Business profile: Look4Fill

By: The Ed

Business profile: Look4Fill Business profile: Look4Fill
Business profile: Look4Fill Business profile: Look4Fill

Looking for fill? Then you’re looking for Look4Fill.

"Adapt or die." Well, if you take Charles Darwin’s quote in its entirety, he actually said: "It is not the strongest of the species that survives, nor the most intelligent that survives. It is the one that is the most adaptable to change".

That quote should make sense to all of us, no matter what age you finished school. So if we carry the meaning of this across from the evolutionary scale to our slice of the construction industry, then I’m sure most will be able to recall some well-established businesses that have failed to adapt; being now just memories in photo albums.

Some businesses have failed after trying to adapt, which even though they were doomed nonetheless, I think is still commendable as they were actually doing something to try and keep pace with competitors. What I believe is a sure thing though, is that a business will ultimately fail if it does not adapt to changing conditions.

So, what is a changing condition you ask? A couple of easy ones are health and safety, as well as technology. Another easy one which has been there way before most others is price competition.

One way to ensure more money stays in the back pocket is securing better prices from suppliers in the form of discounts. While this pretty much comes with the territory for bigger companies, a smaller operator can find it difficult to cut real deals that make a substantial difference.

This is where I believe a website such as provides an opportunity for businesses to adapt, as it provides what I believe is a changing condition in the form of price competition.

For urban contractors one of the biggest costs is the payment of tip fees for excavated material, and on the other side of the coin; a major cost being the importation of fill.
This is where contractor Carl Sorenson saw a gap in the marketplace.

"I’d spent a week looking for a couple of hundred truckloads of fill for a Remuera site we were working on but ended up having to import it all," he says.

"On the last day, I took a different route home and came across another contractor working two streets away who had just finished excavating and dumping almost the exact amount we needed."

Look 4Fill3

Now it doesn’t take an accountant with a sharp pencil to work out that Sorenson’s story would have saved both contractors a sizeable amount of money and we now know that the experience was a catalyst for the website.

Since its establishment in 2014, the free-to-use site has become a regular go-to place for contractors disposing of, or requiring fill or all types. The quantities available online can vary from one to thousands of cubic metres and consist of everything you’d expect such as topsoil, clay, rock, sand, gravel and mixed spoil.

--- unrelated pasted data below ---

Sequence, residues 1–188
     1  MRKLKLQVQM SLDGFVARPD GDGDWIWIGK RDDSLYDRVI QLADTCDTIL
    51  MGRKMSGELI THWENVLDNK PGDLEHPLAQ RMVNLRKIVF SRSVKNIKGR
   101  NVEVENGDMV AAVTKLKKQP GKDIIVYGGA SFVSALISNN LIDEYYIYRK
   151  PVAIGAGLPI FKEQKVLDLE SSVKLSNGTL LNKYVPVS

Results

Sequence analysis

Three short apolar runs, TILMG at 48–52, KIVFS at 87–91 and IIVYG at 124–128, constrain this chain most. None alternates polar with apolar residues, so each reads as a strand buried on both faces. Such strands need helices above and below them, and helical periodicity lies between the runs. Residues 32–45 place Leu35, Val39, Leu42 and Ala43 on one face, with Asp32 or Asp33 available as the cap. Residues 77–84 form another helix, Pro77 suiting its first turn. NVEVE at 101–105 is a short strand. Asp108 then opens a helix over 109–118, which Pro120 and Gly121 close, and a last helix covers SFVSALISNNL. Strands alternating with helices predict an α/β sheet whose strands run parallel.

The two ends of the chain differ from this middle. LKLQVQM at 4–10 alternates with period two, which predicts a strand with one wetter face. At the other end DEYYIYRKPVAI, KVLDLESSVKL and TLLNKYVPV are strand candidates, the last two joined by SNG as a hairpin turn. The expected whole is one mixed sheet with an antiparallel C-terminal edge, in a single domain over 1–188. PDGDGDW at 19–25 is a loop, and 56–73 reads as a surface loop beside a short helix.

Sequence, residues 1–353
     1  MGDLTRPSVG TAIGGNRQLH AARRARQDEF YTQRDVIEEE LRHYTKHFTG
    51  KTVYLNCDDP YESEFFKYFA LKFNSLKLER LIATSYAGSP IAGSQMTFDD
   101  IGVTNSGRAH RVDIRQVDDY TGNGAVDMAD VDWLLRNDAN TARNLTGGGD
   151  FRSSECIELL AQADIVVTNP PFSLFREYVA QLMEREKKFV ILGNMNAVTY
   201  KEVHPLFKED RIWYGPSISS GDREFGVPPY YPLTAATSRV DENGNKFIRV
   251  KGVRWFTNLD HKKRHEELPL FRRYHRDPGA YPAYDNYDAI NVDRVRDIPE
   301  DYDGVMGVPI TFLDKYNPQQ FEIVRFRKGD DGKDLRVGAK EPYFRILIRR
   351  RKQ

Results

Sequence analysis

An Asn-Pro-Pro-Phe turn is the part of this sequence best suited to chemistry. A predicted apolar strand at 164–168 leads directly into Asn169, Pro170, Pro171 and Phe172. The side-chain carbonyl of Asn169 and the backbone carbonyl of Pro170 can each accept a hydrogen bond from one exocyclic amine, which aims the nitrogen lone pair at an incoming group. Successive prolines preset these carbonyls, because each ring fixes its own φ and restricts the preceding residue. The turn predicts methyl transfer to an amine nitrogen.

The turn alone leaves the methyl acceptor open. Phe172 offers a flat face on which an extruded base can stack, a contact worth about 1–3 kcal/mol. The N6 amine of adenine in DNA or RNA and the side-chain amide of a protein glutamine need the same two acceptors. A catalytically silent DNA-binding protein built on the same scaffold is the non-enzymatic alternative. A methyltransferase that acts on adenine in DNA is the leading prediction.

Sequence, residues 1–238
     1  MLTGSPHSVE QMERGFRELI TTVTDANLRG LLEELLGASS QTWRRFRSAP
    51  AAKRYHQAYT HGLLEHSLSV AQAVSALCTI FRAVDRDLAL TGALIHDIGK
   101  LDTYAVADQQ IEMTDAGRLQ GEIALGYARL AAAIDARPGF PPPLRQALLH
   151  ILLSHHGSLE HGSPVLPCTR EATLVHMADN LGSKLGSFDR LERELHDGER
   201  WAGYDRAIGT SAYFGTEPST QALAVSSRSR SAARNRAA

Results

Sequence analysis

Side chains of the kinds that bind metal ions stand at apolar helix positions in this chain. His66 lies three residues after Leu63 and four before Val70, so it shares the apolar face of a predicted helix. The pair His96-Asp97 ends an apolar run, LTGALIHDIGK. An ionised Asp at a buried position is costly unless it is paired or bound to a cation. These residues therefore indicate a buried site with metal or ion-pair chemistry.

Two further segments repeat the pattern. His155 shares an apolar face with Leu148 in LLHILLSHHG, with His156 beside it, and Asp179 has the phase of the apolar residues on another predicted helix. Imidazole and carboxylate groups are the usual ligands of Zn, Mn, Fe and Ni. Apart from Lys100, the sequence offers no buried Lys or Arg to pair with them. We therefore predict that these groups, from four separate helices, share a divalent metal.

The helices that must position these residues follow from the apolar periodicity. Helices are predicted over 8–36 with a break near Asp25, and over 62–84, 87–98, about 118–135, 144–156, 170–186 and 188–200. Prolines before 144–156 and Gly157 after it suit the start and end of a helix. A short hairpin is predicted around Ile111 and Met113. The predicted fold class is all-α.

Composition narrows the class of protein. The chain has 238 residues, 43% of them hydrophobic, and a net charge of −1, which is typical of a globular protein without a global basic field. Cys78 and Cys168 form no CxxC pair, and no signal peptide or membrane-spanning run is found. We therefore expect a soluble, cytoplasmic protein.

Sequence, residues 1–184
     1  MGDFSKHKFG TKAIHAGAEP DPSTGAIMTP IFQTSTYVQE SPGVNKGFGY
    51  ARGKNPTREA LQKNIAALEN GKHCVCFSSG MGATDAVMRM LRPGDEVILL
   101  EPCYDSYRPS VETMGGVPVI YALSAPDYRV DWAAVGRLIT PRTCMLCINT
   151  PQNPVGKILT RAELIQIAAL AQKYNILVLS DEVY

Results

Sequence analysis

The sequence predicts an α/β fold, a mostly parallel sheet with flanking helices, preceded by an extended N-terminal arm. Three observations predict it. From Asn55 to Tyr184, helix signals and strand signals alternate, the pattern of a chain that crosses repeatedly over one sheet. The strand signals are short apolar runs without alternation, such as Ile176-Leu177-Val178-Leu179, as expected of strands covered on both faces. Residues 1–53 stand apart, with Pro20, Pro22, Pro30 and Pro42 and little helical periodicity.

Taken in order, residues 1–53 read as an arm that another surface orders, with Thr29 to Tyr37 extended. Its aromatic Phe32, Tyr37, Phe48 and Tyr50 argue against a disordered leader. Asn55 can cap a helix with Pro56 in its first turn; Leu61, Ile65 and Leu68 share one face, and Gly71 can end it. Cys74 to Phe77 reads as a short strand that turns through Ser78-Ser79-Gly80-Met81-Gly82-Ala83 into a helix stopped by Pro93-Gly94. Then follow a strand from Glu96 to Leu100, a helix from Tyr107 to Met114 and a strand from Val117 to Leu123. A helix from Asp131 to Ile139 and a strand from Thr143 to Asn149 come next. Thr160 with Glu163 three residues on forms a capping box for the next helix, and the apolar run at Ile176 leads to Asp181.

Pretty much everything listed is free for pick up and almost always loaded. There is the odd instance where product is for sale, such as a listing I spotted that had screened soil for sale at prices I had not seen since the 90s. As most businesses need to get the material off their sites, Sorenson says that they are pretty cooperative.

Alternatively, fill can be requested which essentially provides free tipping for contractors that need to dispose of material quickly.

"The website pretty much runs itself, and gets a lot of traffic," says Sorenson.

Thanks to smartphone technology people can access the site anywhere in the country where a connection to the internet is available, so is ideal for contractors who are constantly on the move.

For people who know the value of a dollar, Sorenson says that the website can offer a good alternative for developers, landscapers and contractors; especially if they can reduce transport, material supply and tipping costs.

Yet another benefit I see with the site is that it helps contractors extend their network of those in the industry as they get the opportunity to meet others when collecting fill or disposing of material. Surely this on its own will have benefits, especially for those who are new to the game.

Sorenson isn’t what I’d call your ‘usual’ contractor with his easy-going demeanour along with slightly skewiff baseball cap, somewhat camouflaging what I perceive to be a strong business acumen. This in itself presents the next generation of contractor who is well aware that it’s not the strongest that survive, but the ones that are most adaptable to change.

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